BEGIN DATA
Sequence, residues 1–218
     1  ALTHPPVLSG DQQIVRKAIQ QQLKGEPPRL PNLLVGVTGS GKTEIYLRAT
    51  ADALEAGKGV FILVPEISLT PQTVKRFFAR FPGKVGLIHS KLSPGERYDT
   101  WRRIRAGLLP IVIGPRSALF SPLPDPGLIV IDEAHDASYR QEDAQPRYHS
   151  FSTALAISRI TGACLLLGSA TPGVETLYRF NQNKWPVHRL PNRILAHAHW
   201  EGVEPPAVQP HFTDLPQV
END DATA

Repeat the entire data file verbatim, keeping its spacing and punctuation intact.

Sequence, residues 1–218
     1  ALTHPPVLSG DQQIVRKAIQ QQLKGEPPRL PNLLVGVTGS GKTEIYLRAT
    51  ADALEAGKGV FILVPEISLT PQTVKRFFAR FPGKVGLIHS KLSPGERYDT
   101  WRRIRAGLLP IVIGPRSALF SPLPDPGLIV IDEAHDASYR QEDAQPRYHS
   151  FSTALAISRI TGACLLLGSA TPGVETLYRF NQNKWPVHRL PNRILAHAHW
   201  EGVEPPAVQP HFTDLPQV